Health Insurance, 401ks, and Flexible Schedules are the Top Benefits Offered
Type 2023 2022
Health Insurance 71% 59%
Flexible Work Schedule 60% 67%
Retirement Plans (410k or IRA) 47% 32%
Childcare (subsidies/on-site) 2% 3%
Profit-sharing 13%
Other 15%

The reasons for this rise in benefits are likely related to the reasons business owners choose to offer these benefits in the first place. When asked to choose why they offered these benefits, 86% said in part that it was because offering benefits was the right thing to do, but the second reason, selected by more than half of owners, was because offering benefits help with employee recruitment and retention. Over the past year, employers faced a historically-tight labor market. Even as hiring slowed, business owners needed to work hard to retain the staff they had – and these owners are finding that benefits are an increasingly cost-effective way to retain staff. As Gusto’s research on retirement benefits bears out, adding an employee 401k plan can reduce the likelihood that an employee quits within the first year by 40%.

Majority of Owners Offer Benefits to Aid Recruitment and Retention
I believe it is the right thing to do 86%
Helps with employee recruitment and/or retention 53%
Increases morale 45%
Increases productivity 24%
Reduces absenteeism 10%
Other 10%

Entrepreneurship Amid Economic Uncertainty

The past year has been a year of two halves in the economy, with strong job gains and wage increases giving way to a cooler economy and fears of a slowdown ahead. In the final section of this survey, we asked owners how they felt their business has done relative to expectations, the issue that is top of mind today, and the actions that they are taking now to address those concerns. 

As noted above, new businesses have continued hiring W-2 and contractors at a similar rate to last year, but have seen a small downward shift in owners’ perception of their business expectations. By and large, most business owners (55%) feel that their business has performed as expected, compared to 50% last year. That increase has primarily come from the decline in workers who feel that their business has gone better than expected. Last year, 38% of owners felt that their company had done better than expected, compared to 31% this year.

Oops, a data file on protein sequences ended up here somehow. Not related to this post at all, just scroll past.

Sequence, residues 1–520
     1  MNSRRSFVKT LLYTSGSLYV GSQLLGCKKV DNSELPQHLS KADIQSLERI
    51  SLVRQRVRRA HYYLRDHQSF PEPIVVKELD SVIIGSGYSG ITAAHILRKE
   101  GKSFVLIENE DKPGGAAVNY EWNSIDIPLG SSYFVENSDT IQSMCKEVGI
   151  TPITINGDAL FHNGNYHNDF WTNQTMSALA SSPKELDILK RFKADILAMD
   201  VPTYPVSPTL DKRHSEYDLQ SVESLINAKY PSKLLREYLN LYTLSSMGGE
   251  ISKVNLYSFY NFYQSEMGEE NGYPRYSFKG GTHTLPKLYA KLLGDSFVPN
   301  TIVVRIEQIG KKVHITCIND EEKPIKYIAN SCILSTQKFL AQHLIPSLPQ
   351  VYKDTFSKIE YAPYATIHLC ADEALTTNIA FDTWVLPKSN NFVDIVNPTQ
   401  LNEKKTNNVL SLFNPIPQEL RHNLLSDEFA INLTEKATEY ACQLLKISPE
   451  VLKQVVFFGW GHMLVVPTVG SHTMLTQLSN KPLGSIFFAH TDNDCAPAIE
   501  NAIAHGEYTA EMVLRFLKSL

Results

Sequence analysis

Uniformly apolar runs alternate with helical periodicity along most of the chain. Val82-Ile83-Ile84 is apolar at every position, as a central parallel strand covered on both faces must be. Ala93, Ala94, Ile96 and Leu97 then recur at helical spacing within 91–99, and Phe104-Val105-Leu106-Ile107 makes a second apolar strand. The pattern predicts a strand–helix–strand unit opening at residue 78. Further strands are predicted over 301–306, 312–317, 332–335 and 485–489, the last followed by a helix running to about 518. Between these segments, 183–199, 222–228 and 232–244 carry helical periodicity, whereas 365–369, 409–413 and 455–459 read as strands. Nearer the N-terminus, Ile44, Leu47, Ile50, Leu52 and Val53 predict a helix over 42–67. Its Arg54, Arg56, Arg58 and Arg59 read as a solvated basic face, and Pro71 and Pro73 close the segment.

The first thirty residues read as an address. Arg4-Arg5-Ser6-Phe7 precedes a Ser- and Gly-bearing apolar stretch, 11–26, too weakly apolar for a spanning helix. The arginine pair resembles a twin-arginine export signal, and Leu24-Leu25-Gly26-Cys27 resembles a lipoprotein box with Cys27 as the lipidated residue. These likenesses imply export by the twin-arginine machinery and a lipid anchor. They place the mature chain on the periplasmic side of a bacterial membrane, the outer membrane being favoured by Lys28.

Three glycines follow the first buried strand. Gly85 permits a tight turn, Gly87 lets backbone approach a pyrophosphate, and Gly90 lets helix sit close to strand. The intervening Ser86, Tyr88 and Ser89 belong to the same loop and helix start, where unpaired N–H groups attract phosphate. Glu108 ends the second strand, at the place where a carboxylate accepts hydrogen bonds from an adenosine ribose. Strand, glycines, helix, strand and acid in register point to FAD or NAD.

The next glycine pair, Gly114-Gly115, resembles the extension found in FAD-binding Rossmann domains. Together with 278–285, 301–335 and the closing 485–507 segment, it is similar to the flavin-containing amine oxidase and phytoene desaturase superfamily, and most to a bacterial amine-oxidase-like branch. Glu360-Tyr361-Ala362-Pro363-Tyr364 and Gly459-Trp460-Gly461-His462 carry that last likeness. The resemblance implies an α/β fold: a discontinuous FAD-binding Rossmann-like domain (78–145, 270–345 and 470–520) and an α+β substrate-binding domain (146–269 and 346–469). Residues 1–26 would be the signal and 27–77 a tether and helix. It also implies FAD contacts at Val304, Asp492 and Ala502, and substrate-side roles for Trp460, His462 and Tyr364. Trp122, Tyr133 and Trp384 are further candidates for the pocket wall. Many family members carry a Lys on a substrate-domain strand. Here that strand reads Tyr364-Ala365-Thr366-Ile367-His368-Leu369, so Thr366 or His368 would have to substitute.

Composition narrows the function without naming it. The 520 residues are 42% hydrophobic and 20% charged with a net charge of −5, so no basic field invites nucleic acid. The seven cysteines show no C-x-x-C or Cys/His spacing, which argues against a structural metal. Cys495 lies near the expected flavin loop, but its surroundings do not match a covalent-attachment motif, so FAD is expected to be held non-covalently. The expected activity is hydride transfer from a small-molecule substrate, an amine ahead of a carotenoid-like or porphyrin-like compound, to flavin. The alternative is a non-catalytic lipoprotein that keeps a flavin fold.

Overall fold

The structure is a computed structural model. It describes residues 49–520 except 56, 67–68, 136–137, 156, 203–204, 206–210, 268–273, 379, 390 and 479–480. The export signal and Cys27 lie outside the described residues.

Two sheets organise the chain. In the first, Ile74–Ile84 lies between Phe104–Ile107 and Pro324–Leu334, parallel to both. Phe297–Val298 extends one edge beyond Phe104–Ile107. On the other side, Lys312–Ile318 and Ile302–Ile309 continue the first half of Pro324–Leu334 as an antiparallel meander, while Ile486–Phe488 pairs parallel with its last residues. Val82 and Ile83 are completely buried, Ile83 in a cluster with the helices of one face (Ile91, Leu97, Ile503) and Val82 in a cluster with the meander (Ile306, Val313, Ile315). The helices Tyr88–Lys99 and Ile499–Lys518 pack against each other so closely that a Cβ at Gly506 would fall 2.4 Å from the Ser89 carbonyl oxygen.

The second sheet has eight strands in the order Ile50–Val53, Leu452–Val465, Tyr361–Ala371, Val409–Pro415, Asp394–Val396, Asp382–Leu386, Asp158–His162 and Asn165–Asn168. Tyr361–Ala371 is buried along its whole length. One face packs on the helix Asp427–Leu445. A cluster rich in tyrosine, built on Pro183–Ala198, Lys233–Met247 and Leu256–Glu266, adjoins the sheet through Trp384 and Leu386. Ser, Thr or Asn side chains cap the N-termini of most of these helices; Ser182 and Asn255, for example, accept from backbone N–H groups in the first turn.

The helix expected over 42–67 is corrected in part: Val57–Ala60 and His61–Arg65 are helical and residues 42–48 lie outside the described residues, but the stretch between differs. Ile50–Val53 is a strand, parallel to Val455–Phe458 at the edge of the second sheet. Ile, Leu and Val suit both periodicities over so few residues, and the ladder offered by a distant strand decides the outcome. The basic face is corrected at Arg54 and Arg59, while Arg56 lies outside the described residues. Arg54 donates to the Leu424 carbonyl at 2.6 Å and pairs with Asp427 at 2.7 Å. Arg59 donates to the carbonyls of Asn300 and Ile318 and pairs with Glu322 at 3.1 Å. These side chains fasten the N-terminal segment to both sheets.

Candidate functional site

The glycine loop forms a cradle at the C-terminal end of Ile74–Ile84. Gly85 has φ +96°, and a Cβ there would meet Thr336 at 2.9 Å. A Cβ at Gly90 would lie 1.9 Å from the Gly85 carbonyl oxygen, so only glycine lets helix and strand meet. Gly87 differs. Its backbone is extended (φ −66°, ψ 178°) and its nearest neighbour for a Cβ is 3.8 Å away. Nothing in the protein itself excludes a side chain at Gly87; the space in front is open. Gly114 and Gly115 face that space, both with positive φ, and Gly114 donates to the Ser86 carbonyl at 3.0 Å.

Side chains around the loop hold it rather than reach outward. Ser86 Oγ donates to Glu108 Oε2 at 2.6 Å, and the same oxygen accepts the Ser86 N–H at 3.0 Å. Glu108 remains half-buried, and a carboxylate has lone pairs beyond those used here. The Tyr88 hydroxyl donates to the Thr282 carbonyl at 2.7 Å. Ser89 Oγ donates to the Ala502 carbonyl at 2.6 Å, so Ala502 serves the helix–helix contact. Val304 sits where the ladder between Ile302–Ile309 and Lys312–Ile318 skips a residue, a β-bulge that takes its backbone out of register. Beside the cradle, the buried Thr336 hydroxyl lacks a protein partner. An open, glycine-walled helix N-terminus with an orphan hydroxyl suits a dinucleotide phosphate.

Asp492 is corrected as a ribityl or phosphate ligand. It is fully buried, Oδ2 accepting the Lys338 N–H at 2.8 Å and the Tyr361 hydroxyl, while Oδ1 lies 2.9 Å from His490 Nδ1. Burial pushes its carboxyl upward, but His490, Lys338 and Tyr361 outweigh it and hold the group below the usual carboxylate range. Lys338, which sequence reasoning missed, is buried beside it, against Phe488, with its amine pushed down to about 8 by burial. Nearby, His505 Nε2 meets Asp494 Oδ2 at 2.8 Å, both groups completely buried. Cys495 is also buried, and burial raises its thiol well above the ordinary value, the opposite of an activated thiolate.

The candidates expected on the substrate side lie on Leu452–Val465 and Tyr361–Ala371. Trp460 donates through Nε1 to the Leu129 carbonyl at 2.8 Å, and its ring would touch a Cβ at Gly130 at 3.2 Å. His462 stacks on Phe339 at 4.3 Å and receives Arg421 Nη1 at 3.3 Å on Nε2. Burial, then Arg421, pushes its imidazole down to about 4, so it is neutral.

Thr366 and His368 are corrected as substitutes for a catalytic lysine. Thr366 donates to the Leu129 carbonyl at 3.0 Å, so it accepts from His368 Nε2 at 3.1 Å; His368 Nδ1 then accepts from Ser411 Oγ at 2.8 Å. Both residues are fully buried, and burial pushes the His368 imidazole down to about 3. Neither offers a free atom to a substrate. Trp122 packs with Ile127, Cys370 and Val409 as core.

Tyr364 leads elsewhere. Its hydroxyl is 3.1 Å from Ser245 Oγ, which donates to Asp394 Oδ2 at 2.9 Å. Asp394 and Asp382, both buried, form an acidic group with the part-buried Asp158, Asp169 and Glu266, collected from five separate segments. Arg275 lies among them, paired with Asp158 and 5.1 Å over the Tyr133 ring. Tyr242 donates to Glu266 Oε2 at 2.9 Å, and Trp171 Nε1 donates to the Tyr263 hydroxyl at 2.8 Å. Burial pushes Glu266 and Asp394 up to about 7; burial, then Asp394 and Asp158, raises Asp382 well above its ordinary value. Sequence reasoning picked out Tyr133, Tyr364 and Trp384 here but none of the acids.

While this decline could be attributed to entrepreneurs who started a company at the beginning of 2022, which are entering 2023 in very different economic conditions, the decline is also concerning because it is largest among Black or African American entrepreneurs, where it fell by 9 percentage points to 28%.

8 in 10 Business Owners Say Their Business Has Done As or Better Than Expected:
AllWhiteBlack/African AmericanHispanicAAPIMenWomenLGBTQ+
Better than expected31%34%28%38%20%28%34%36%
Worse than expected14%15%15%13%15%15%13%12%
As expected55%51%57%49%65%57%52%51%
Fewer owners saying their business has been doing better than expected in 2022:
All OwnersWhite OwnersBlack OwnersHispanic OwnersAAPI OwnersMale OwnersFemale OwnersLGBT Owners
2023 Survey31%34%28%38%20%28%34%36%
2022 Survey38%40%37%31%36%34%41%43%

As these owners face a very uncertain medium-term outlook, that uncertainty remains at the top of their minds at the start of this year. When asked what the top issue facing their business was this year, from economic uncertainty to inflation to the labor shortage and supply chain disruptions, owners across industries chose uncertainty about the path of the economy as the number one issue (36% of all owners). The highest rate of owners choosing this issue was in Professional Services, an industry particularly sensitive to the Federal Reserve’s interest rate hikes this year, with the rate entrepreneurs seeing economic uncertainty as their top issue at 42%.

There are, however, interesting differences across industries in the secondary issues owners have on their minds. Inflation is the second-highest rated issue in Personal Services such as Retain and Food & Beverage, as owners deal with still-high food and raw materials costs. In Community Services, such as Healthcare and Education, businesses are growing faster than average but are constrained by a continued shortage of educators and healthcare workers, which showed up as the number two issue in that sector.